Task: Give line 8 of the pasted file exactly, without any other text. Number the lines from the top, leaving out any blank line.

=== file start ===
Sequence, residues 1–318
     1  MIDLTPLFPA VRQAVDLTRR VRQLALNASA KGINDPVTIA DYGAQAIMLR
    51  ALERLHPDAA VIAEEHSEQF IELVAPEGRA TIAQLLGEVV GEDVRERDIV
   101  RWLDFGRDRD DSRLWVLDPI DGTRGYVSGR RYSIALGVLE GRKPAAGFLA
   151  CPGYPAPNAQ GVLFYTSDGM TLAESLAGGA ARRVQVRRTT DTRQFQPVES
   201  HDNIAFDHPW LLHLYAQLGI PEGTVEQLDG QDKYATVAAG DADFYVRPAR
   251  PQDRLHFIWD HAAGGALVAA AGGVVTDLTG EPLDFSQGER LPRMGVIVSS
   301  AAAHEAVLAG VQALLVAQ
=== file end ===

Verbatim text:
   301  AAAHEAVLAG VQALLVAQ